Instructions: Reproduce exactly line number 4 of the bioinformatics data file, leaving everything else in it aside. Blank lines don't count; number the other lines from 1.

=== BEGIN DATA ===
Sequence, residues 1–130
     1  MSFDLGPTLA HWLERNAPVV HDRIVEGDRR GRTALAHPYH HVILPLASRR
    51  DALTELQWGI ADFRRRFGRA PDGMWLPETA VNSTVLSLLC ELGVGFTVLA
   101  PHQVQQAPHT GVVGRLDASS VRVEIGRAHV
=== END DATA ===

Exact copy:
   101  PHQVQQAPHT GVVGRLDASS VRVEIGRAHV